Early next week, I'll travel by train to Middletown, CT, where I'll visit with a college friend and speak about the wonders of weedy lawns at the Jonah Center for Earth and Art. I'm halfway packed for it already, and really psyched to go, in part because of the train ride (rarely all that convenient from here) and visiting with my good friend (who I've known longer than my spouse), but also because I'm reaching a new career milestone there: the outside expert.
Here in Pittsburgh, we have experts in most any area of environmental study - not many marine biologists, perhaps (besides Rachel Carson, who left our city before fully developing her expertise in that field) - but solar energy specialists, wind energy pioneers, urban forestry experts, scientists of Marcellus Shale, founders of the field of environmental oncology, the original citizen's air quality group, dozens of environmental engineers and consultants, a topnotch university sustainability coordinator, and lots of darned good environmental educators. But we have a running common complaint: when someone wants a speaker for a big event, they usually invite the Outside Expert.
At her worst, the Outside Expert assumes that she has been brought in because no locals know half as much as she about the topic of interest. S/he takes the podium, and tells us how the brilliant, faraway people of California or New York solved the same problem (which we also have our own solutions for), and that with inspiration from her/him, we can finally rise out of ignorance and learn to solve our own problems just like they do in her/his perfect city. (Meanwhile, local experts sit seething, imagining what they could have accomplished with half the money it took to fly, pay carbon credits, and compensate the know-it-all on the podium.) The Outside Expert is standard fare among invited speakers, and I suppose the only justice is when the local expert gets to become the Outside Expert for some other city.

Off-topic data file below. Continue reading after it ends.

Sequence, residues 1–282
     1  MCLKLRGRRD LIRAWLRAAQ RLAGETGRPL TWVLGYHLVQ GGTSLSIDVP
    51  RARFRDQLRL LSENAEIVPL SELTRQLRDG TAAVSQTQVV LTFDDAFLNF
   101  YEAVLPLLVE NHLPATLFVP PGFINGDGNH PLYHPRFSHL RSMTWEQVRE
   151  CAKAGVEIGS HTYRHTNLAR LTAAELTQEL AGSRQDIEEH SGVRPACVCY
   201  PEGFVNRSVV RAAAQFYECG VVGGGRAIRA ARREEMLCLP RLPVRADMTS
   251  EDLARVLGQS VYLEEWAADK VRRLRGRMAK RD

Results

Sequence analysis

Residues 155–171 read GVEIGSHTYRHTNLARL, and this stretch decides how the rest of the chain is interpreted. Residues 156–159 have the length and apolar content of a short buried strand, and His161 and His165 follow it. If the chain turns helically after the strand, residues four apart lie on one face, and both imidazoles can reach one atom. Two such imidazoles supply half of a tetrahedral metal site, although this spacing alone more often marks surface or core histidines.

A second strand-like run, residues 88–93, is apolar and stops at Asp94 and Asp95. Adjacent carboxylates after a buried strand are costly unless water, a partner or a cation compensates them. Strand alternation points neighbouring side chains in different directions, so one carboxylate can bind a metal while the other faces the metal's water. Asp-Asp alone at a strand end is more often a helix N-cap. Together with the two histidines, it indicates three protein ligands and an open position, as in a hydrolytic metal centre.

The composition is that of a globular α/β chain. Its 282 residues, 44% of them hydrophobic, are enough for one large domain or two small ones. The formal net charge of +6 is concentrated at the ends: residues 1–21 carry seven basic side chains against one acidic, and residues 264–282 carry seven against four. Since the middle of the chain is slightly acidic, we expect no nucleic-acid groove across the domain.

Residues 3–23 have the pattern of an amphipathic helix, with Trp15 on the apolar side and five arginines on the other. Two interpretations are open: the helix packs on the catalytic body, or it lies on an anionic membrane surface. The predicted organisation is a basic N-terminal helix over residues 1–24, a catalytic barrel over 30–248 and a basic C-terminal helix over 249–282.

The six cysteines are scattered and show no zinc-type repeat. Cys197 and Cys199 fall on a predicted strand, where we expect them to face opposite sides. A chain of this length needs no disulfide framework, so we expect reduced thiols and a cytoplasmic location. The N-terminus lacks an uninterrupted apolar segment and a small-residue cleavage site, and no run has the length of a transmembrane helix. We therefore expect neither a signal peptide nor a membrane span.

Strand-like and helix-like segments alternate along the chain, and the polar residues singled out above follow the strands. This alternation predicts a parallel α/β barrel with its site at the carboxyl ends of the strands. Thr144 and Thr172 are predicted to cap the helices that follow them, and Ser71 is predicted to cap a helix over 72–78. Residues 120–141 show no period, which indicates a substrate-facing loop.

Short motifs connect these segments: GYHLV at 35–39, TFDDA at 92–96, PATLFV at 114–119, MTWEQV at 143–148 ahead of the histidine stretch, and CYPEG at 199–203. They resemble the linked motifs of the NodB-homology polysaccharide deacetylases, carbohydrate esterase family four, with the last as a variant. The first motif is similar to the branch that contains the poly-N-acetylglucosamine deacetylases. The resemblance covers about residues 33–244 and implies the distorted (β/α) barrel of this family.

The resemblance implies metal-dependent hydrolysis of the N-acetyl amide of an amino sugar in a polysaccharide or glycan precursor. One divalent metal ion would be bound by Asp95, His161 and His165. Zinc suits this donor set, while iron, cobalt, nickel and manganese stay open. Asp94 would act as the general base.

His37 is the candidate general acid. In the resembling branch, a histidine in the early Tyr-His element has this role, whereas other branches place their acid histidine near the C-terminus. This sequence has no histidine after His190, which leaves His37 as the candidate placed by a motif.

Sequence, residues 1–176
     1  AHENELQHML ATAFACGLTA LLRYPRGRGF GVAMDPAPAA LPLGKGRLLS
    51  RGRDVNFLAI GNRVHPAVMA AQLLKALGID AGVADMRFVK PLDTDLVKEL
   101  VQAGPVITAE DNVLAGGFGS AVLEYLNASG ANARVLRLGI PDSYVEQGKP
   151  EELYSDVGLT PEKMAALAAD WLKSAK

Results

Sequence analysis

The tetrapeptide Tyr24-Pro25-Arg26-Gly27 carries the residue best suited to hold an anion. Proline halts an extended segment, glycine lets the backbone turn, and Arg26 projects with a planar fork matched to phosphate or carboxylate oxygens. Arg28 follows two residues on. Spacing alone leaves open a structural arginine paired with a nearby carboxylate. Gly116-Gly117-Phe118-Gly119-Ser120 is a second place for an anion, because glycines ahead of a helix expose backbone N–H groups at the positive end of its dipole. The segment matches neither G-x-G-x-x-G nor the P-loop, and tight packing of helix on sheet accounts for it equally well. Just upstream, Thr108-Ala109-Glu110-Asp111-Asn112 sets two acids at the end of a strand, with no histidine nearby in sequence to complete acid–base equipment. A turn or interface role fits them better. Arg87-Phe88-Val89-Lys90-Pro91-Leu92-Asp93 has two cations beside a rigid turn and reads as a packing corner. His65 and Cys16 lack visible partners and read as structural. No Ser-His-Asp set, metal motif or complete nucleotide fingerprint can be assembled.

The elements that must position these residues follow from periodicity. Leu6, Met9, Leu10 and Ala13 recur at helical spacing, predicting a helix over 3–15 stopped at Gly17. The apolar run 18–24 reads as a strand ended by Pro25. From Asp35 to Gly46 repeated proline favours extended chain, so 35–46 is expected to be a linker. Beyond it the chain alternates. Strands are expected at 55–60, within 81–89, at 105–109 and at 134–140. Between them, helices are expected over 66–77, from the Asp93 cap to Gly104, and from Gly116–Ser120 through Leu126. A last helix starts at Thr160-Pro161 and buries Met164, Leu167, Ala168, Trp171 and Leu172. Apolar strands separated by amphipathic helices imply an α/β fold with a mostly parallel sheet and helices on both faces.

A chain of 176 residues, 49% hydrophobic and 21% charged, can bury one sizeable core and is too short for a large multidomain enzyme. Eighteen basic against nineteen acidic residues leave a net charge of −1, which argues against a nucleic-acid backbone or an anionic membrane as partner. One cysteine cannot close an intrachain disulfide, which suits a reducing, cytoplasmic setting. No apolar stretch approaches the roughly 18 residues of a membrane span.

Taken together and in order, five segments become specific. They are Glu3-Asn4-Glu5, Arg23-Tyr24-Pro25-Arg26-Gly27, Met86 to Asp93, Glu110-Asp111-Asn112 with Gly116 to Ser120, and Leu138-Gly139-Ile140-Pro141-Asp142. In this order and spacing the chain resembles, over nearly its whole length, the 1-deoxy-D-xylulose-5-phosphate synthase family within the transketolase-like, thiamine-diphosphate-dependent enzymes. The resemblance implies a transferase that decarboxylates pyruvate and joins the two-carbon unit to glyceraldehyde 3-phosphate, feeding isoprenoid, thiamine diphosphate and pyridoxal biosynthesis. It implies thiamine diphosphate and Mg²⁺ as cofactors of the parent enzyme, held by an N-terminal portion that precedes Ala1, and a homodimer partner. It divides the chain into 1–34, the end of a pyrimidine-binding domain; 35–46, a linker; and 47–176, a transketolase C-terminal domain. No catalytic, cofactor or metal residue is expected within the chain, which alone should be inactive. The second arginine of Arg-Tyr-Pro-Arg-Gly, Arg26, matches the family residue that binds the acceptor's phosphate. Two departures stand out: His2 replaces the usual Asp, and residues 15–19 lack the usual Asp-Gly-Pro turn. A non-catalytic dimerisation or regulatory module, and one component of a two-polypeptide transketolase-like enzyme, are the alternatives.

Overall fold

The folks at Jonah Center are no strangers to environmental lawn care. My friend, who has done work on prairie restoration, knows far more about ecology than I do, and is certainly capable of saying all of what I'm going to say. Further, others in her community definitely know the benefits of a biodiverse lawn - Kim O'Rourke, especially, who has helped lead Project Green Lawn, has already written about how tolerating weeds is an important step in creating healthy pesticide-free lawns.
So it is an open question whether anyone in the audience next Tuesday will learn anything they haven't heard before: I'll certainly give them my best shot. In any case, I get a lovely train ride and a good visit with a friend, I get to show off a display of Sheila Rodgers' beautiful weed photos, and I'll hopefully reduce the overstock book population of my office by a bit. I get to be the Outside Expert for the first time, kindof a fun milestone for someone a few weeks into age 40.
Maybe, if I play my cards right, I'll also gain some really awesome new friends and colleagues in the process. And then, when I need to invite an Outside Expert to Pittsburgh someday, I'll know exactly who to call from Middletown.